However, that still leaves 106 episodes and 10 serials completely missing from the archives and a further 17 left partially incomplete. The missing episodes are completely restricted to the first six seasons (i.e. the run of William Hartnell and Patrick Troughton episodes), with the third through fifth seasons particularly badly afflicted. The full list of missing episodes is as follows:

Season 1
Marco Polo - all 7 episodes
The Reign of Terror - episodes 4 and 5

Season 2
The Crusade -  episodes 2 and 4

Season 3
Galaxy Four - episodes 1,2 and 4
Mission to the Unknown - 1 episode (the entire serial)
The Myth Makers - all 4 episodes
The Daleks' Master Plan - episodes 1, 3-4, 6-9, 11-12
The Massacre of St. Bartholomew's Eve - all 4 episodes
The Celestial Toymaker - episodes 1, 2 and 3
The Savages - all 4 episodes

Season 4
The Smugglers - all 4 episodes
The Tenth Planet - episode 4
The Power of the Daleks - all 6 episodes
The Highlanders - all 4 episodes
The Underwater Menace - episodes 1 and 4
The Moonbase - episodes 1 and 3
The Macra Terror - all 4 episodes
The Faceless Ones - episodes 2, 4-6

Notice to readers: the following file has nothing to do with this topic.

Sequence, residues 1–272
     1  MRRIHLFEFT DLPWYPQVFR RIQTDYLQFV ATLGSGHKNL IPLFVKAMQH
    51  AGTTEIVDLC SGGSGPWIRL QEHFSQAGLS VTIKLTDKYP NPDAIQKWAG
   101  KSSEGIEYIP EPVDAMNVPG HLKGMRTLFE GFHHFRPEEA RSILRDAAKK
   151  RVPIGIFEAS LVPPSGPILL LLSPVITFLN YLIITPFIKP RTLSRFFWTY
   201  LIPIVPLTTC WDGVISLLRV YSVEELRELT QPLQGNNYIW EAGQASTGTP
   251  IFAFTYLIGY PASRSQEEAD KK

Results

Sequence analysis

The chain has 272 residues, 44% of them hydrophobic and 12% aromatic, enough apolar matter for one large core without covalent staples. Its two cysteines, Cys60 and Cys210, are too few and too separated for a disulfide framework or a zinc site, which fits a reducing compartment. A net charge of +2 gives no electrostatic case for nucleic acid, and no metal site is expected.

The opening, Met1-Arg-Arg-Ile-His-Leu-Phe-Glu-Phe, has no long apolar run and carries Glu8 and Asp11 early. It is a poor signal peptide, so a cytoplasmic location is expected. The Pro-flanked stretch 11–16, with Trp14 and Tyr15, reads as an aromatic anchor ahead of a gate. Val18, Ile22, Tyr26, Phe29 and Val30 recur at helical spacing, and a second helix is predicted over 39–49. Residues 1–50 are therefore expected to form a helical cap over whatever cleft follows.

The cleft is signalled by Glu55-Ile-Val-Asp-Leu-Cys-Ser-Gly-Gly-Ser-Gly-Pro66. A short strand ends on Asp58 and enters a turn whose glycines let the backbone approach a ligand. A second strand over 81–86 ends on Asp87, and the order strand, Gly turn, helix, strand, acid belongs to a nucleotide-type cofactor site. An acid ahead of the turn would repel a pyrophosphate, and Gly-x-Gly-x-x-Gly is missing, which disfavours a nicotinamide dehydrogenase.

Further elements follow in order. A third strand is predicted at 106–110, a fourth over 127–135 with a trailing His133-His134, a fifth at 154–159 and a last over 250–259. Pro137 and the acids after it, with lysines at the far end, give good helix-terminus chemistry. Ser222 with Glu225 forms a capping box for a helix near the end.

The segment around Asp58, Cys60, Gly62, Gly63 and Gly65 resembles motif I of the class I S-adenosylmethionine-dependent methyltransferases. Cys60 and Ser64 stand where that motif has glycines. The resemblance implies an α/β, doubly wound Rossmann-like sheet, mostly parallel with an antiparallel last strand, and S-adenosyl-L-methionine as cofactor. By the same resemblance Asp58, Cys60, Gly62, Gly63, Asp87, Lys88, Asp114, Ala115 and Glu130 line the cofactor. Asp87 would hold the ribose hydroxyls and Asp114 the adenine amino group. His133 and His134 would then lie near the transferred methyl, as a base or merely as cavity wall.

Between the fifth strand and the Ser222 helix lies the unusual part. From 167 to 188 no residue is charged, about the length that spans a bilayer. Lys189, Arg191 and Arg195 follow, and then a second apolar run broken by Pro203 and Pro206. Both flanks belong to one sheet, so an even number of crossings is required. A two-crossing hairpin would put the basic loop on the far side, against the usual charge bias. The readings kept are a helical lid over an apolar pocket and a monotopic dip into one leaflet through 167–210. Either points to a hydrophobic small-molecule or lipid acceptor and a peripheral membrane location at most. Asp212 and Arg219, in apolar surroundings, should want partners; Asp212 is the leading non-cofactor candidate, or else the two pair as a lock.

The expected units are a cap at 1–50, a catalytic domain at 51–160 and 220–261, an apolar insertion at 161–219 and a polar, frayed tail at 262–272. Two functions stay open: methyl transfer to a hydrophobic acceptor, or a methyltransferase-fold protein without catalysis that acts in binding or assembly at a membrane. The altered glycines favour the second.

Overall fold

The Evil of the Daleks - episodes 1, 3-7

Season 5
The Abominable Snowmen - episodes 1, 3-6
The Ice Warriors - episodes 2 and 3

The Web of Fear - episode 3
Fury from the Deep - all 6 episodes
The Wheel in Space - episodes 1-2, 4-5

Season 6
The Invasion - episodes 1 and 4
The Space Pirates - episodes 1, 3-6

Restoring Incomplete Serials

The first episode of The Invasion, restored through animation.

Due to the popularity of Doctor Who on DVD, the BBC has carried out restoration work to bridge the gap on serials where there is only an episode or two missing. The Reign of Terror, The Tenth Planet, The Moonbase, The Ice Warriors and The Invasion have had their missing episodes filled in with animations to replace the missing live-action material. However, DVD sales only make this practical for serials where they are only two missing episodes, meaning only a few more serials can be restored this way. This restoration work is only possible because Doctor Who fans, lacking VHS recorders in the 1960s, used home tape recorders to record the soundtrack of every episode. Copies of these soundtracks have been given to the BBC, meaning that every episode of the series does still exist on audio.

Future Prospects?

Rumours abound, of course, of the return of some of the missing episodes, bolstered by past events. In late 2011 it was confirmed that one episode apiece from Galaxy Four and The Underwater Menace had been recovered. In 1992 many Doctor Who fans were stunned when all four episodes of Tomb of the Cybermen (at that stage, the most critically-well-regarded missing story) were returned from Hong Kong and rush-released on VHS (at which point the critical assessment became more mixed). In the late 2000s paperwork confirmed that up to 20 missing episodes had been residing in a TV studio in Sierra Leone before it had been levelled in that nation's lengthy civil war. This information suggests that it is more than possible that copies of missing episodes may remain in existence in far-flung corners of the globe.